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Falcon Brook Search / Insights / The power of female leadership
The power of female leadership
March 7, 2023

The evidence of the power of female leadership is inescapable, from research demonstrating businesses with genuine gender diversity at senior level perform better, to the success of female leadership in the battle against Covid.

However, is it possible for one or even two women on a board to make a real difference to the diversity agenda?

This was a key theme when we caught up with Novera Khan, Uniper’s award-winning Chief Risk Officer.

Uniper continues to drive the diversity agenda. The company announced a 25 per cent target for high-level female executives in 2022 from the current figure of 20 per cent. It has also joined Komm Mach Mint, a German-government initiative that promotes young women in mathematics, information technology, natural sciences and technology.

Novera’s perspective is that once women are in the right conversations, they can indeed help drive change, even if they remain in the minority.

“I think of making lemonade out of lemons,” Novera says. “We could be very bitter because there are still so few women in leadership. Or we can embrace the opportunity, understanding that this is a time when businesses want to do the right thing.”

The important point is to realise that a team that is not diverse will not make decisions in the same way that a diverse team can because they can’t see or feel the issues that affect diverse employees.

“Someone with daughters that are now at university age wants to engage in the conversation,” Novera continues. “They recognise that the world needs to change so their daughter can have the same opportunity as their son.”

Regulation works

Novera’s sense is that Covid and Black Lives Matter are leading policymakers to consider in earnest how diversity targets and regulation can bring about change.

“The law is the only stick that is universally understood,” she says. “Nobody debates why you can’t speed on highways. But it can be difficult from an emotional perspective. No woman wants to be told she was appointed because of her gender.”

Sustainability is an example of where government-led carbon reduction targets have been shown to drive businesses and markets to find solutions. “The conversation has changed permanently because it became part of the operational environment. All of a sudden there is a real possibility of a renewable, hydrogen and zero coal economy.”

Loading the career dice

Targets means businesses will be required to load the career dice in favour of diversity as a basic issue of law: “It resonates with me when people call it a human rights issue as opposed to a gender diversity issue. Women shouldn’t feel guilty,” Novera explained.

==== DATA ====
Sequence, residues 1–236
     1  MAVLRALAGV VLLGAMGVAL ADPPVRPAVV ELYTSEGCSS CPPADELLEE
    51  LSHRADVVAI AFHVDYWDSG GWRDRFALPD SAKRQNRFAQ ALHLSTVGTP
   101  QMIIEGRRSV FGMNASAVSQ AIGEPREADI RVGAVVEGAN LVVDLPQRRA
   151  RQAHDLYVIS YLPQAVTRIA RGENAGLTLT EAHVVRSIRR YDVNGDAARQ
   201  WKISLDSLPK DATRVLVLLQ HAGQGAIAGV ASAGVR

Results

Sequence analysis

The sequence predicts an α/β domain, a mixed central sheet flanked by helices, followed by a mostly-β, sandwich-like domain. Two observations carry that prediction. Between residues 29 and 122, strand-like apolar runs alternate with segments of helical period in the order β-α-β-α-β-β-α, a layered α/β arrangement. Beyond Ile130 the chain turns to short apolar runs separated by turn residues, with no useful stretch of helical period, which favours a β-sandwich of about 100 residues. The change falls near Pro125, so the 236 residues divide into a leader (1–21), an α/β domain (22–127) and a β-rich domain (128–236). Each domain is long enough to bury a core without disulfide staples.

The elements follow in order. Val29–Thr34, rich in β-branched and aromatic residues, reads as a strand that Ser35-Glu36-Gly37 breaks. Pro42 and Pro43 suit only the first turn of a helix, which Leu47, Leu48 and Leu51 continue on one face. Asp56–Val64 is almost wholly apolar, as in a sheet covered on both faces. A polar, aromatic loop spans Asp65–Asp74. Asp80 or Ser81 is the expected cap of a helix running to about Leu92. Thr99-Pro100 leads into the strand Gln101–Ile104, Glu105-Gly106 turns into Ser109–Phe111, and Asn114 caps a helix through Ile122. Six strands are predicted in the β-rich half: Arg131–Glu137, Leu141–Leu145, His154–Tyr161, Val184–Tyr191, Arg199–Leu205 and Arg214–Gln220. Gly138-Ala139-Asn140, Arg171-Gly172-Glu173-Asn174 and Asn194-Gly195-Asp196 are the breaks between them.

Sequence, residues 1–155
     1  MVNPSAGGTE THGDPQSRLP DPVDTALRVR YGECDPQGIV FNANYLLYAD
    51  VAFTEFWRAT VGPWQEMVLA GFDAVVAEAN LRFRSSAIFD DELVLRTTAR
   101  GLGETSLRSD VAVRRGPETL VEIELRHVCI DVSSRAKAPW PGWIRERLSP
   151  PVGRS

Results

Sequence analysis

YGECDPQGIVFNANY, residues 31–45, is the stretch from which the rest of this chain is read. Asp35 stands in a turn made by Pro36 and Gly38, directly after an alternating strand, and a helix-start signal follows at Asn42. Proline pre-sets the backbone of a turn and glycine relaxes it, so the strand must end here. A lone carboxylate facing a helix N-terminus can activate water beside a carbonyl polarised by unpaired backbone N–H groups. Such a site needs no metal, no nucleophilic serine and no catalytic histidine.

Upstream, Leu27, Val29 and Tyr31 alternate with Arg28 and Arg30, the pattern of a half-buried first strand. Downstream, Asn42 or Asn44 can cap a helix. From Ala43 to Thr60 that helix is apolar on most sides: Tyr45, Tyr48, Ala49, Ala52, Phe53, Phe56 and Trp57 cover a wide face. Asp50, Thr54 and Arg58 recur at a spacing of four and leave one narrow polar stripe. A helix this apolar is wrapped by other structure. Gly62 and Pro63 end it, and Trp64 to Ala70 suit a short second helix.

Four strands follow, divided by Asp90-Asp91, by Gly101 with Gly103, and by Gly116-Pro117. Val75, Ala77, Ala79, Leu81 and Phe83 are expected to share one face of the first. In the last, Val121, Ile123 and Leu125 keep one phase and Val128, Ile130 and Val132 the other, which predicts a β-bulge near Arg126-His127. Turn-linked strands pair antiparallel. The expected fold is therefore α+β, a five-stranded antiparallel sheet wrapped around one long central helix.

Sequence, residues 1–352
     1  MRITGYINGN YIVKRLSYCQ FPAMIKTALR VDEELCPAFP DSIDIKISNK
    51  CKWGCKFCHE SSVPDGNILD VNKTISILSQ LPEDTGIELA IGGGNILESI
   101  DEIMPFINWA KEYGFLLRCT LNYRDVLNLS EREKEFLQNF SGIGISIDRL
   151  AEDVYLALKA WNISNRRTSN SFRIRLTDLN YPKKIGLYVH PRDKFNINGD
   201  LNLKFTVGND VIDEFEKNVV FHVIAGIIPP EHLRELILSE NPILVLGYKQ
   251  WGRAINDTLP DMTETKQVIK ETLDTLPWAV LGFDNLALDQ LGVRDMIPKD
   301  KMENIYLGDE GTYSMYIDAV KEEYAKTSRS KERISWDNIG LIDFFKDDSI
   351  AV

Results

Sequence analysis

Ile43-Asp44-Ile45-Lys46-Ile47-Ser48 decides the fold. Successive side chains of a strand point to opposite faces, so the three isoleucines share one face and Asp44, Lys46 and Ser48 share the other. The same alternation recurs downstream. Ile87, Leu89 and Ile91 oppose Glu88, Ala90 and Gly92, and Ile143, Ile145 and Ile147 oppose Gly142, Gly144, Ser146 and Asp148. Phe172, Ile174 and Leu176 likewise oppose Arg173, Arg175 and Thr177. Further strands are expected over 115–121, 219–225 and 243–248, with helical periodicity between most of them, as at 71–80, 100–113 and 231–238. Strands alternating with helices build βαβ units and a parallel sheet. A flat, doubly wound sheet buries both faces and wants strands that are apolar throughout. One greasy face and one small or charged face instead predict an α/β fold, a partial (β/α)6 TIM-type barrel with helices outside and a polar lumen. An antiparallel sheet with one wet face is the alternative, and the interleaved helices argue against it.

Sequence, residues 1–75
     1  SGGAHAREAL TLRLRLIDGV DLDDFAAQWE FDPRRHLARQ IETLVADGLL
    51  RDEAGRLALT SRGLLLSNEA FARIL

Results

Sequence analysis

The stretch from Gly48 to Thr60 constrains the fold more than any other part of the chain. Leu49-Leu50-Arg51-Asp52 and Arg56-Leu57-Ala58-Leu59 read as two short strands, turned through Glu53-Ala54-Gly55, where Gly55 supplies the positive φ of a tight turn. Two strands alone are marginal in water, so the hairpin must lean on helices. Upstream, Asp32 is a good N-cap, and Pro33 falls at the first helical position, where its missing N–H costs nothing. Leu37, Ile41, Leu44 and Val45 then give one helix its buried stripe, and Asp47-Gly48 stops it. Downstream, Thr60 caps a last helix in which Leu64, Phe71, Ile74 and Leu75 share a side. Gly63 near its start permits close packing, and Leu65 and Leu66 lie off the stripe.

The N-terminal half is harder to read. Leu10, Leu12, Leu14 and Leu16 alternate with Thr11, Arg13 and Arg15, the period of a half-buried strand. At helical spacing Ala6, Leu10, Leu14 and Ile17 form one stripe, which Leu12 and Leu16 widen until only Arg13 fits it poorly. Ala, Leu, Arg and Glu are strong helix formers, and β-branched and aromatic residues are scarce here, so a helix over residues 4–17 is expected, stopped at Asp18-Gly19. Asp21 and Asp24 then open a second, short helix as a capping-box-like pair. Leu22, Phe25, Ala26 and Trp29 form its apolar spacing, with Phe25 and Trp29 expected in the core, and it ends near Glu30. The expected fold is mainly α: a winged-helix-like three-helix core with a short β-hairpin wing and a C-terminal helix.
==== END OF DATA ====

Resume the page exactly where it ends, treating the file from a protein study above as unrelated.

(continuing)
With ‘loaded dice’, more women reach more senior roles faster, creating critical mass.

“When you are the only senior woman in a room you feel like you need to represent every woman. Your voice becomes that mouthpiece. When you get two women in a room it changes the conversation. Women gain confidence and aspiration. They perform better and have a better chance of leading change.”

Disproportionate effort

‘Loading the dice’ also addresses the fact that getting to the top of organisations is still an unequal journey for many women.

“It’s taken a disproportionate effort and dedication if I compare, in my case, somebody of equal qualification, competence, experience and education. I had the feeling that I had to be the best in every room. I don’t want to propagate that women should push themselves to the limits to get to the top. Why should that be the expectation? It’s time to un-bias the room as much as we can.”

“Covid gave working women a chance to play to their strengths, such as resilience and the ability to juggle,” said Novera. “The crying kids during a Zoom call is a common situation for women. Maybe we can level the playing field MORE in the digital hallways.”

After all, women bring a host of management skills from their role as ‘home CEO’. “My mum would have all of the skills required to be a leader compared to many men. Women running homes, I mean, talk about running a chaotic organisation, right?”         

There is no question diverse talent does exist, though many organisations say they struggle to create diverse candidate shortlists.

Our AVID Leaders programme unlocks the potential of diverse talent by measuring the size of the global talent pool so that we can share meaningful data on individuals relevant to our clients’ organisations. We help our clients enhance their teams through mentoring, coaching and research and setting achievable goals.

We are hosting a series of diversity events and webinars to share expert advice and guidance from our network of AVID Leaders – let us know if you’d like to take part.

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